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A Jamaican taxi in London
published: Thursday | June 21, 2007

Public transportation in London is, let's say, a bit different from what it's like in Jamaica. - photos by Robert Lalah

While standing at a corner on a cool, misty morning in London, a black Vauxhall motor car pulled up in front of me. A yellow sign on top read 'taxi'. I wanted to get to Brixton, so I hopped in. The driver was an overweight man with caramel complexion. His face was round and he had a receding hairline. He had a slight beard and was wearing a grey shirt with a pair of weathered khaki pants. He seemed to be in his early 60s. "Where to?" he said with a deep, raspy voice, before taking a sip of a steaming hot beverage in a paper cup he was holding.

I told him my destination and he turned to look at me. "You is a Jamaican?" he asked. I responded, "Yeah man," and he let out a raucous chuckle. "Mi was waiting on the 'yeah man'! Hee Hee!" he laughed. "Mi know seh from you is a Jamaican you would say dat," he said, still chuckling.

As the driver pulled the car on to the highway, he told me his name was Tony and that he is from Kitson Town in St. Catherine. Fifty-one years ago, however, he moved to the United Kingdom in search of a better life, and today his home is in Brixton.

"Mi leave Jamaica and come here in 1956! You see how long mi deh here? Dat a when you daddy born young bwoy!" he snickered. "Yes man, mi come here pan di ship when mi was 13 years old. Mi come stay wid mi uncle who was living here for some time," Tony said. The plastic lid of the cup he was drinking from was resting on his leg. He took it up, glanced at his rearview mirror and then threw the lid through the window. He went back to talking as if nothing had happened.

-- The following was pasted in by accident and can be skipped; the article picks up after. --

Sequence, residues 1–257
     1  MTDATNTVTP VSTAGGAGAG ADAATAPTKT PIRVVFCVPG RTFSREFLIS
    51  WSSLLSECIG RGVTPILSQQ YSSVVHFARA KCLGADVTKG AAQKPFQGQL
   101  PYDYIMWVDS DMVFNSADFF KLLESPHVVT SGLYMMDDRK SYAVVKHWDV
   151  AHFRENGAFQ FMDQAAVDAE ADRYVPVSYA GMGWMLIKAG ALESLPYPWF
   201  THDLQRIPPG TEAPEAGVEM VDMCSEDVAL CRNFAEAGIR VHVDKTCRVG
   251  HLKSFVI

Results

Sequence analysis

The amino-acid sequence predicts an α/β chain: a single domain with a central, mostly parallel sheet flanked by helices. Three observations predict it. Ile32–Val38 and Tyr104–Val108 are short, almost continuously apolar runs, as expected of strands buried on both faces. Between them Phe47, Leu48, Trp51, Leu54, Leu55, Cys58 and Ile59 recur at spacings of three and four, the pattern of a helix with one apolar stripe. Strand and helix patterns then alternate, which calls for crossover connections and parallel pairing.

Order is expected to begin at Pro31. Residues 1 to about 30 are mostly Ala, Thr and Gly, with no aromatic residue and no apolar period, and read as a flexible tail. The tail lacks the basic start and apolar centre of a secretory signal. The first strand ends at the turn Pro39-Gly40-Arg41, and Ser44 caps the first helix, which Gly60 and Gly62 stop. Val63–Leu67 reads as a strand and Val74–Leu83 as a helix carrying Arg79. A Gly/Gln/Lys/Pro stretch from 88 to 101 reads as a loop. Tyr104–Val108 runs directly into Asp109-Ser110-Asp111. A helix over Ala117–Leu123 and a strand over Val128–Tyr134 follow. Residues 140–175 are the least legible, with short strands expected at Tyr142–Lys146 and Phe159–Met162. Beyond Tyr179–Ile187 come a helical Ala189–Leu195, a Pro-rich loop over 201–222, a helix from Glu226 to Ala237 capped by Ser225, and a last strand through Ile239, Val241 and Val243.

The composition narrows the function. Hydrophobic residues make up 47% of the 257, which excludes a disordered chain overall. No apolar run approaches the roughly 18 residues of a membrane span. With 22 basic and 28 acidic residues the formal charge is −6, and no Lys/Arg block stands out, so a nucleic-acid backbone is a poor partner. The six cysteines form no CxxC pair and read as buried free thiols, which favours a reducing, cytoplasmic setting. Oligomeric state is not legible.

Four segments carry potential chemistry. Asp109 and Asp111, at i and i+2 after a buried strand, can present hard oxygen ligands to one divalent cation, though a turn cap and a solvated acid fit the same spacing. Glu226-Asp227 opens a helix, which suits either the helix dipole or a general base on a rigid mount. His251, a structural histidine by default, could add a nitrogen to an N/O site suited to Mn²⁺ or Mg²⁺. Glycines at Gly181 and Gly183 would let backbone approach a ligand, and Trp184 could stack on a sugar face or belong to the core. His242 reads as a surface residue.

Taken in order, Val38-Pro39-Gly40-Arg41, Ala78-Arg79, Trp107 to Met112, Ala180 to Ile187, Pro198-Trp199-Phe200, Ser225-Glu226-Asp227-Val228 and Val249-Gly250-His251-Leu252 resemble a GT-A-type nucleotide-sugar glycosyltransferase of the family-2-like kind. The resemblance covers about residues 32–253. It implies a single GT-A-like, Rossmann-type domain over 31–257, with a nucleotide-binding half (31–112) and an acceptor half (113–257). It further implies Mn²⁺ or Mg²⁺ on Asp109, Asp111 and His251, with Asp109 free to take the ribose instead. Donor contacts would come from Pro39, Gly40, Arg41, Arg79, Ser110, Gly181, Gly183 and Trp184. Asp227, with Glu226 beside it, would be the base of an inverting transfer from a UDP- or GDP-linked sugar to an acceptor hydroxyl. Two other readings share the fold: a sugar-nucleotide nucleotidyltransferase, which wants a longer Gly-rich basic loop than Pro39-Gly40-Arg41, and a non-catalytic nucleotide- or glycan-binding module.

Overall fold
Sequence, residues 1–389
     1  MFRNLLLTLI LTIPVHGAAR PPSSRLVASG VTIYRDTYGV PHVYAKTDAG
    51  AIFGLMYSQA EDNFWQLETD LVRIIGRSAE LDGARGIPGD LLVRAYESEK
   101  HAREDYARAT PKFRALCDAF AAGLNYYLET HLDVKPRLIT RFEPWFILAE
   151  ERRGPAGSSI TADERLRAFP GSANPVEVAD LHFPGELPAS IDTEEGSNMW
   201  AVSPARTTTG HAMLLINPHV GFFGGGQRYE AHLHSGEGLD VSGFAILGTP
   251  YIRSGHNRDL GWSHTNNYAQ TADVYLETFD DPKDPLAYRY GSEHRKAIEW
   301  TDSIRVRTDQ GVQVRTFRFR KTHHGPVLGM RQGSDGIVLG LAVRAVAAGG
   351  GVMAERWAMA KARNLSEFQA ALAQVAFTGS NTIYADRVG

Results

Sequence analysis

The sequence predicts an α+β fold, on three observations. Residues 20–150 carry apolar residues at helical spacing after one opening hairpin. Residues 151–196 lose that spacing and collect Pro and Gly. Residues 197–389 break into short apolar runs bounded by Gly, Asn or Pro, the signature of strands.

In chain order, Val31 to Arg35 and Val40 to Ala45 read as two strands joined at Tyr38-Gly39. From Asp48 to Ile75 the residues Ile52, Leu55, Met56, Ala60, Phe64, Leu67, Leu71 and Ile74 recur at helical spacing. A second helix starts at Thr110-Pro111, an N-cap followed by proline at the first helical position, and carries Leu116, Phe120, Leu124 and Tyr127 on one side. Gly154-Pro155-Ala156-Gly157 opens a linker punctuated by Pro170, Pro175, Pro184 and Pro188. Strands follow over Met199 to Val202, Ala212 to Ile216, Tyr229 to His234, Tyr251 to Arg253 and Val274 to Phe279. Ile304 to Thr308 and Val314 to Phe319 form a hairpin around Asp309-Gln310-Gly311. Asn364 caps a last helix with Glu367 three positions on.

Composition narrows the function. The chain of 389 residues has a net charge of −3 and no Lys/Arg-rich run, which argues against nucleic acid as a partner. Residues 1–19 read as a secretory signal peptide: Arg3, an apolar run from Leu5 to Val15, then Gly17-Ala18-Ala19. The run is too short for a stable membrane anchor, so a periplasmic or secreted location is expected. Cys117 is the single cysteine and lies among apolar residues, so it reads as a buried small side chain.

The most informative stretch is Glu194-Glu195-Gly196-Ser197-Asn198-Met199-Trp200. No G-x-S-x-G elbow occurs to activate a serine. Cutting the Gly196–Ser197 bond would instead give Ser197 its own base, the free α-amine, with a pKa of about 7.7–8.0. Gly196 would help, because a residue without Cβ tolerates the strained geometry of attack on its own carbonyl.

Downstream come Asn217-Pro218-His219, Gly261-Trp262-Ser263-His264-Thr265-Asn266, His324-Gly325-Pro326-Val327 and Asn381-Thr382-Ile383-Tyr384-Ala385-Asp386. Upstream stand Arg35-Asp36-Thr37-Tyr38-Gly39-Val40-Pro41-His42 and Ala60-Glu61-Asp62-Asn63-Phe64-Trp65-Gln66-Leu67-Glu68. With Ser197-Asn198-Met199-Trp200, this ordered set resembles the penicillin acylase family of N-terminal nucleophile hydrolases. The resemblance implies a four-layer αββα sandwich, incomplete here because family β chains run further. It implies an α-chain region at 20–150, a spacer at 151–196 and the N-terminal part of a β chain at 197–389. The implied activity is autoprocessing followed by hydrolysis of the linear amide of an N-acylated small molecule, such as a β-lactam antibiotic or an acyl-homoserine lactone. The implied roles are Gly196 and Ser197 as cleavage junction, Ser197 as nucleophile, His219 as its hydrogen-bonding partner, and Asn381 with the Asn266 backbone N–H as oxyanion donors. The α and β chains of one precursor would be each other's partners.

Didn't like it at first

"Yes. When mi come here mi was a likkle bwoy but because I was begging a place with my uncle I had was to find some work and do. Anyway, I had was to tell lie dat mi was actually 17 so I could get an apprentice work with a carpenter. So mi stay there fi a few years and learn the trade. After a while mi move out pan mi own and start make more money," Tony said.

I asked him what he thought of England when he first arrived. "Well, any Jamaican will tell you dat when you just come here to live you don't like it. It nuh nice because it so different from what you used to back home. Mi couldn't find nuh enjoyment in England when mi just come. All when Christmas time come it was depressing. When mi a grow up inna Jamaica when Christmas coming it was a big thing. Mama used to give we one slice a cake and cocoa and it was a big thing. Mi used to love dem ting deh! When mi come here mi lock up inside and caan do anything. Mi cry whole day," said Tony.

"Inna Jamaica we would look forward fi go a dance wid coconut bow a cover di sound box dem. Hee Hee! Mi love memba dem something deh!" Tony laughed.

"We woulda boogy inna di likkle nightclub dem pan Young Street and go out a road go drink a waters when we ready. But when you reach a England is a different ting! Not a enjoyment!" he said.

Negative feelings pass

Take a taxi in London and you are likely to meet a Jamaican.

Tony explained that after living in England for several years, he eventually got accustomed to that nation's norms and has become quite at home there.